TAMPA, Fla.—Having a team in the Stanley Cup final can’t help Canada bridge its regional divisions.
Not everyone north of the border was backing the Montreal Canadiens as they tried in vain to deny the defending champion Tampa Bay Lightning a second straight skate around the ice with hockey’s most cherished prize.
A cross-border online survey conducted over the weekend by Leger and the Association for Canadian Studies found 14 percent of respondents—including nearly one in four from Manitoba and Saskatchewan—cheering on Tampa Bay.
The Lightning emerged victorious Wednesday in a 1-0 Game 5 win over the Habs, ending what had been an improbably deep playoff run for one of Canada’s most storied hockey franchises.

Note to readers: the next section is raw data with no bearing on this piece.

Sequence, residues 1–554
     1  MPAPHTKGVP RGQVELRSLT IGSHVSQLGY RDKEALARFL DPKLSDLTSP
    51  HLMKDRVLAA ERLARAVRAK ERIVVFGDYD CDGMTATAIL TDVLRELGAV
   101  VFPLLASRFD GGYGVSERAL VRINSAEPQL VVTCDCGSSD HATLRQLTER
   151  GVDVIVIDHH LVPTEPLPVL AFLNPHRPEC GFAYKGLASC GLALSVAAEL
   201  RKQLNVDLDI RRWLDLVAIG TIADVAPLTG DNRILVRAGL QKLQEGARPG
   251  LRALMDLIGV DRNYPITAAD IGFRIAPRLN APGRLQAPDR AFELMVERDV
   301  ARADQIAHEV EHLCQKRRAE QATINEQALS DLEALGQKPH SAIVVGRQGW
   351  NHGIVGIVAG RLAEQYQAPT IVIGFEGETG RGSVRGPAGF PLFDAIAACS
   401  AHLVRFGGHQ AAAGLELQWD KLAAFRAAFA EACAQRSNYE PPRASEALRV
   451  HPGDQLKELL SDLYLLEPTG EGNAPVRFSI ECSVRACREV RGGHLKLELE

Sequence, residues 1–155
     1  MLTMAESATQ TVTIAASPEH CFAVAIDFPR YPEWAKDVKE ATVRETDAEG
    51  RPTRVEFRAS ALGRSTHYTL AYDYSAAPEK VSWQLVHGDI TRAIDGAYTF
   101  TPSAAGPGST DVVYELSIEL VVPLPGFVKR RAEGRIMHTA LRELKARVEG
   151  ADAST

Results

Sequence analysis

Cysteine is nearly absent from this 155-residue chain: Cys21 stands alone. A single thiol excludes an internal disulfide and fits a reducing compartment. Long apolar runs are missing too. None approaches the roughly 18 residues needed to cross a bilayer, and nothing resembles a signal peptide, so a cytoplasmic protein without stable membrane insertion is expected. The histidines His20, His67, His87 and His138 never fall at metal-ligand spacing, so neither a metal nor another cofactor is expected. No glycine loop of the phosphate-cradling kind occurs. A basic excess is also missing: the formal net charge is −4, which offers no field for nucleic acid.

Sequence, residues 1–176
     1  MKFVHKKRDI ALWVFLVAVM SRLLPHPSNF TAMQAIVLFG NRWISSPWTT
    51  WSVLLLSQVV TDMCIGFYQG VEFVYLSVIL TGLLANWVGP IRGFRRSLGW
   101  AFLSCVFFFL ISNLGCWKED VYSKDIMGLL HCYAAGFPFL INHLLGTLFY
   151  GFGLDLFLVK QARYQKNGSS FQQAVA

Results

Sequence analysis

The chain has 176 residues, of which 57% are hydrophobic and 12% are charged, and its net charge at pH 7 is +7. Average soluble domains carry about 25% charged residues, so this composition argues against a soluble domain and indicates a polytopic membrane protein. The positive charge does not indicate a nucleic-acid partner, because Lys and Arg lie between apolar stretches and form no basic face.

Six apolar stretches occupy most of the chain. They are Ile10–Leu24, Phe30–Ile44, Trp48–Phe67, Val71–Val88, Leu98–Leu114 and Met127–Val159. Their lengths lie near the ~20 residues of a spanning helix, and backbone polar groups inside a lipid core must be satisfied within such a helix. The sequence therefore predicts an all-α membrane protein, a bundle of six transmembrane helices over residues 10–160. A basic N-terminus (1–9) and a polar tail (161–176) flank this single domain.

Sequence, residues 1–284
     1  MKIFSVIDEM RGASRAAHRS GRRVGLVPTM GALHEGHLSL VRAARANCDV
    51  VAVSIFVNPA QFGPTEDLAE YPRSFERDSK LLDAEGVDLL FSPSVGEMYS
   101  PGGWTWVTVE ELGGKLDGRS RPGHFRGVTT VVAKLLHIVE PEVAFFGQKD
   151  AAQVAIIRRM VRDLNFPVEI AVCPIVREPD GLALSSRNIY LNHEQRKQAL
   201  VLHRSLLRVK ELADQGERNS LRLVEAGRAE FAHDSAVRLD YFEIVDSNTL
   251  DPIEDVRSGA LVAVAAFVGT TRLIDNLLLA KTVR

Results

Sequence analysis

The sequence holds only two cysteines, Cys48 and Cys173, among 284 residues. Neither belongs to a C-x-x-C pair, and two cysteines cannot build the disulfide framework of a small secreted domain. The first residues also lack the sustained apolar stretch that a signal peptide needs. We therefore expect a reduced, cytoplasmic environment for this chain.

Across the country, 57 percent of the survey’s 1,518 participants checked the box for the Habs, with regional support strongest in Quebec and weakest in the Prairie provinces.
Only in Manitoba and Saskatchewan did support for Montreal fail to crack the 50 percent threshold, perhaps owing to the 4-0 early exit from the playoffs that the Canadiens delivered last month to the Winnipeg Jets.
Online surveys cannot be assigned a margin of error because they do not randomly sample the population.
The survey also explored the political allegiances of respondents: of those who said they planned to vote for the Bloc Quebecois, 82 percent were supporting the Habs, compared with 71 percent who said the Liberals.
The New Democrats found support among 55 per cent of those cheering on the Canadiens, just edging out the Conservatives at 53 percent and the Green party at 42 percent.
The survey also posed similar questions to a panel of 1,003 U.S. respondents, and found only 21 percent of them were supporting the Bolts, compared with 14 percent who backed the Canadiens.
Two−thirds of American respondents—66 percent—said they don’t follow hockey.
By James McCarten